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Romare Bearden’s collage series “Black Odyssey” at DC Moore

IN THE NATIONAL ARCHIVES IS A 1944 PHOTO of two uniformed men standing in front of a large painting. The caption reads: "Sgt. Romare Bearden, noted young Negro artist … is shown discussing one of his paintings, 'Cotton Workers,' with Pvt. Charles H. Alston, his first art teacher and cousin. … Both Bearden and Alston are members of the 372nd Infantry, stationed in New York City." The 372nd was a segregated regiment.

Sun God
Battle of the Sun God, Romare Bearden (1977)

The greatness of the generation who came of age during World War was apparent in the arts no less than in the military. Artists of the era contributed mightily to the civilization they defended. Romare Bearden (1911-1988), second cousin to Duke Ellington and a distinguished chronicler of black life in America, was among them.

In 1977, Bearden created a series of 20 collages based on Homer’s Odyssey. “Romare Bearden: A Black Odyssey” is the first full-scale exhibition since their original presentation thirty years ago. Included are an additional 23 compositions tethered to the artist’s trust in the ability of classical themes to illumine the heroism of the African American experience.

Bearden was a great story teller. He wrenched collage from captivity to strictly formalist ends by putting it to autobiographical and narrative purposes. From the outset, his stories were steeped in the sights and traditions of black America from rural North Carolina to Harlem. The social content of his art is all the more compelling because it is expressed through luminous mastery of form and materials.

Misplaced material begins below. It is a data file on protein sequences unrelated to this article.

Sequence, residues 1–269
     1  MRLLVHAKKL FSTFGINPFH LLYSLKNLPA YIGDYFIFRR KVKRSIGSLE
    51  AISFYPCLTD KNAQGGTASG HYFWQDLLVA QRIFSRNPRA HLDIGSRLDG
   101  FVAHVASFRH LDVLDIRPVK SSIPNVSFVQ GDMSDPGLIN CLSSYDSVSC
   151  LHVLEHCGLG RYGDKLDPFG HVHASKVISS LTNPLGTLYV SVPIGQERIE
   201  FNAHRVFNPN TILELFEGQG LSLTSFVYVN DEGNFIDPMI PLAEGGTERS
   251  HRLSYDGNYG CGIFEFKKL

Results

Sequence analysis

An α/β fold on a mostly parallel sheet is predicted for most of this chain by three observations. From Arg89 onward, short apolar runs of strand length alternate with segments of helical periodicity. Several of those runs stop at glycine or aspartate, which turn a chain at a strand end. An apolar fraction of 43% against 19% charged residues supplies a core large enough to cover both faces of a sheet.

Bearden’s most familiar images are anecdotal ones of the rituals of life in Mecklenburg County, North Carolina, on New York streets and in its jazz clubs. Yet throughout his career he made use of literary source material: the gospels of Matthew and Mark, the writing of Federico García Lorca, Rabelais and Herodotus. Biblical themes appeared throughout his work. Some allusions were overt; some are as subtle as the serpent, subverter of Eden, that winds around Circe’s arm in “Circe Turns a Companion of Odysseus into a Swine.”

Each collage in the series concentrates on a single scene or episode told in verse by the Greek bard. Dense with incident, “Realm of the Shades” makes visual the Homeric line: “Unhappy men, who went alive to the house of Hades, so dying twice when all the rest of mankind die only once.” Pink and fuschia flames, an un-Hellenic touch, recall medieval and Byzantine images of the fires of hell.

“Circe” is breathtaking. The hieratic figure is matte black and draped in yellow touched with green against a red background. She curves gently backward to glance at a grinning skull. Its gesture recalls the stylized motion of figures on an Attic vase. The saturated red of the setting hints at what Pompeii’s Villa of the Mysteries looked like when the paint was fresh. Bits of foil, paint, graphite and a variety of papers enliven the surface.